On Tuesday evening, outside the presence of the jury, attorneys for the prosecution and the defense debated about the admissibility of a computer animation that the defense wants to show in court.
The animation, which depicts the events that led up to the shooting of Trayvon Martin on February 26, 2012, is based on witness accounts, coroner reports, police reports, and photographs of the crime scene. It was created by crime scene animator Daniel Schumaker, who used a motion-capture system to produce the animation.
State prosecutor Rich Mantei has filed a motion to keep the video out of evidence. He alleges that the video fails to “represent a complete or accurate record of the evidence.” He notes that the lighting of the video is inaccurate, and says the animation deliberately leaves out the murder weapon. Mantei also claims that the video relies heavily on Zimmerman’s version of events.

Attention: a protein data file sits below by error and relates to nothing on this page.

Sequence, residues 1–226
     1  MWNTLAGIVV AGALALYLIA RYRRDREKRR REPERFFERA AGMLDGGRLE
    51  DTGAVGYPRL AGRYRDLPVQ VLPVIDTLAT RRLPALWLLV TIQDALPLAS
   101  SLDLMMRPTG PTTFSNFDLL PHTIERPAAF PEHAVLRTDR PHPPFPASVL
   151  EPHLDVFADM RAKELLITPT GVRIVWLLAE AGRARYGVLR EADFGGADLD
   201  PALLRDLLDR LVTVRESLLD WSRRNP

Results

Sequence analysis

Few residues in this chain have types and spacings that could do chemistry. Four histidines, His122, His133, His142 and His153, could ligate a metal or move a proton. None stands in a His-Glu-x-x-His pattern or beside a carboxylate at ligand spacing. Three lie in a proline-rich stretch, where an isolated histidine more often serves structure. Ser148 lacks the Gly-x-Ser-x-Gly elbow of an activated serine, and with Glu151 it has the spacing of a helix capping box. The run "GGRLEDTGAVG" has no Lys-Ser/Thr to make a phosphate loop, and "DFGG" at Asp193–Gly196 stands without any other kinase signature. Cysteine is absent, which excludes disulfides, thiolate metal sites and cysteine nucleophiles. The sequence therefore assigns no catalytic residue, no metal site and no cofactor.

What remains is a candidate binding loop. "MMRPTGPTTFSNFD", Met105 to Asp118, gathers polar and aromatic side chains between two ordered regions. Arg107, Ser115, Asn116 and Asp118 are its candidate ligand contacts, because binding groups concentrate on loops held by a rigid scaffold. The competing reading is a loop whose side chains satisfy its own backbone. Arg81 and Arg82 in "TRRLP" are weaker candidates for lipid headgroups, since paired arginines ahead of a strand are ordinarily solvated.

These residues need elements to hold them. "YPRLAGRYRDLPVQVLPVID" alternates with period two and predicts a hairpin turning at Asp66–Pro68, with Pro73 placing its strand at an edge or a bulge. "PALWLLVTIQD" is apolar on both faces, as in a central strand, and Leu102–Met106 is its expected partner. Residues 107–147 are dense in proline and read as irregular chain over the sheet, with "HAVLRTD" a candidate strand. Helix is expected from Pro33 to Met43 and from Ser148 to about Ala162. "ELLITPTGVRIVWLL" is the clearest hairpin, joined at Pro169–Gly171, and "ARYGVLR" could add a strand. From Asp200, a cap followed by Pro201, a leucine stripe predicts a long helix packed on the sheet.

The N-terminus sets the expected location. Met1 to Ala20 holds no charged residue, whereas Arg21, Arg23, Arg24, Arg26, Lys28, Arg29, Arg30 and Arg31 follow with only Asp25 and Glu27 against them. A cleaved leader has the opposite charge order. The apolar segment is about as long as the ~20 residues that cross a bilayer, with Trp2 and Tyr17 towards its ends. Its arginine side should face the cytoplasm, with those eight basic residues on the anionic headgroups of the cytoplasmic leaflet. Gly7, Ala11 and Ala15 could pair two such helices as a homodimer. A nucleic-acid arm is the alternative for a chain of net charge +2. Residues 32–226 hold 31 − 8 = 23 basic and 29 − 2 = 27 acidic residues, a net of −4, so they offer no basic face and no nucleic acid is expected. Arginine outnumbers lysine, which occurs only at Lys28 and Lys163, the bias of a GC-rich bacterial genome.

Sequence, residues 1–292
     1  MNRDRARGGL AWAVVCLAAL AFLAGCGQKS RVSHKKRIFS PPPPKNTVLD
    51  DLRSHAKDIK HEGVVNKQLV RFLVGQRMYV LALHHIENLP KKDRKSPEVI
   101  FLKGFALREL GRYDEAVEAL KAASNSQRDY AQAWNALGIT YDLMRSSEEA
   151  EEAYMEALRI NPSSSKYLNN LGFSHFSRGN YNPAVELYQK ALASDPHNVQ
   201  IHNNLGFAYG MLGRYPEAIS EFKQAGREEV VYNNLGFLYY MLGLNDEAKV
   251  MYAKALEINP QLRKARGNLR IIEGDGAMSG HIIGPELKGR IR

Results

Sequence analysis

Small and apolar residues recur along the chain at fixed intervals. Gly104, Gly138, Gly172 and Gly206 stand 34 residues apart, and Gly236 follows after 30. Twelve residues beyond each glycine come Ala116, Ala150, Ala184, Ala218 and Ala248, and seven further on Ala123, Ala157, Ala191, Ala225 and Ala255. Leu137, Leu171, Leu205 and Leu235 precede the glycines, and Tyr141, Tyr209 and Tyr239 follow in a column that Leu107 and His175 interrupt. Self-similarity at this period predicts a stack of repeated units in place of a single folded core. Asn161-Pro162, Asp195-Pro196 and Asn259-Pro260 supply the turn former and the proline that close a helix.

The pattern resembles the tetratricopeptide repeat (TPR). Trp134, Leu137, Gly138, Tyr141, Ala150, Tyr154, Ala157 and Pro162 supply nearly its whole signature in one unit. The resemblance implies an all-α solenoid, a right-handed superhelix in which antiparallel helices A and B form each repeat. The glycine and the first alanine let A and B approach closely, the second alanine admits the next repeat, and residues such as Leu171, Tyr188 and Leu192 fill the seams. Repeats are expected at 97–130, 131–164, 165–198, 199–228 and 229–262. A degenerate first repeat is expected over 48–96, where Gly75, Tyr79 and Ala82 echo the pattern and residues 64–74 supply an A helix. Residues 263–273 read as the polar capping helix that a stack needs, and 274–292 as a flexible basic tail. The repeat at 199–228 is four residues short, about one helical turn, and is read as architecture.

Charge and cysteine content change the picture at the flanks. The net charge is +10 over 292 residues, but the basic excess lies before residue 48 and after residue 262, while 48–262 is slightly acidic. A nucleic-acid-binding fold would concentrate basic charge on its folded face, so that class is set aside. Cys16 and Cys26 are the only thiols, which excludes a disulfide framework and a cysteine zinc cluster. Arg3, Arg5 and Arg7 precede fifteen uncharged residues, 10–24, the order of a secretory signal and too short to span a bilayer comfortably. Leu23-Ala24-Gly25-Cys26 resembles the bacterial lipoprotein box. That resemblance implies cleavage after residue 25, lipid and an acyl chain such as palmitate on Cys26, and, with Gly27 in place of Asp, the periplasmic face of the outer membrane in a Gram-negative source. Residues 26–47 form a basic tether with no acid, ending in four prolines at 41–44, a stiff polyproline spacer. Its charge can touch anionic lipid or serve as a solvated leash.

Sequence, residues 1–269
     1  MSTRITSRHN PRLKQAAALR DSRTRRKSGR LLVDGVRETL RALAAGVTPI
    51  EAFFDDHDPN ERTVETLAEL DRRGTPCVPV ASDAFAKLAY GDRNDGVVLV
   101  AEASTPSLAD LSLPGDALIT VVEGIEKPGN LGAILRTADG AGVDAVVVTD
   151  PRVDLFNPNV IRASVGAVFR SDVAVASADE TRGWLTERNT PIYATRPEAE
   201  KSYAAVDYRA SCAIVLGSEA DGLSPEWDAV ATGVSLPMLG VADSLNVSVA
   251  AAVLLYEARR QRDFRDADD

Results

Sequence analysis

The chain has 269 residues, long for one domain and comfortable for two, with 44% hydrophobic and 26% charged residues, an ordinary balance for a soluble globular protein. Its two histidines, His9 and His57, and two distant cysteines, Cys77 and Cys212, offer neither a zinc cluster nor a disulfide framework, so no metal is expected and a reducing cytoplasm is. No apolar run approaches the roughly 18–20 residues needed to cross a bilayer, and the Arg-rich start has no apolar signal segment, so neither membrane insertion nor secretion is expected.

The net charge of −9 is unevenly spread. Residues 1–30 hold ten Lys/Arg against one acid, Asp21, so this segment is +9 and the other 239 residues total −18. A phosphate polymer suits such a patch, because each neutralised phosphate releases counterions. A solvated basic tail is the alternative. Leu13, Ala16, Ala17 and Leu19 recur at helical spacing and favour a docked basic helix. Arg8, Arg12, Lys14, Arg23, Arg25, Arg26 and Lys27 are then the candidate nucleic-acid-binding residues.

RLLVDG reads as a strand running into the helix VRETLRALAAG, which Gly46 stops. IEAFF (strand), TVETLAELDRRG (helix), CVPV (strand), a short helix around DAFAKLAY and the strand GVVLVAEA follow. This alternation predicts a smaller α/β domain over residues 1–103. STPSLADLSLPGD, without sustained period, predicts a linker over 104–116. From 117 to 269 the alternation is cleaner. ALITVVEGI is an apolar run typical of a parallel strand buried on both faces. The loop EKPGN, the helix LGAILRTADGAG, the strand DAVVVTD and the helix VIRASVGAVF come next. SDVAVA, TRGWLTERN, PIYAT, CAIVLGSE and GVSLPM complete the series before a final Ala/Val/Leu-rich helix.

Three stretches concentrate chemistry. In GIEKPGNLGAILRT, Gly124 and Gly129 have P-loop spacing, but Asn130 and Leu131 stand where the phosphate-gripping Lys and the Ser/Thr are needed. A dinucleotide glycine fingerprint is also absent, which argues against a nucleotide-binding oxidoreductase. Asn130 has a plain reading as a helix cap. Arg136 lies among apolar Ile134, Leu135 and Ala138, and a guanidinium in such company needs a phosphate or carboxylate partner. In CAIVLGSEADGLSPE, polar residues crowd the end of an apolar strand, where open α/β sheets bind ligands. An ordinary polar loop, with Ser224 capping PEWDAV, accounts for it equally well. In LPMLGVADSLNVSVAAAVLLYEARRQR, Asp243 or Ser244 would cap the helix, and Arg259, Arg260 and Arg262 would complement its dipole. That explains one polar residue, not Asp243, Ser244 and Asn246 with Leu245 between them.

While the defense says the video will help jurors to visualize the sequence of events that proceeded the shooting, the prosecution says that the animation will only serve to confuse.
The following is a different animation of the shooting that was produced in March 2012. It was produced in just a month, but the quality is surprisingly decent.
Gabe Grand is an editorialist for PolicyMic who covers the George Zimmerman trial. For more live updates and opinions on the proceedings, follow him on Twitter: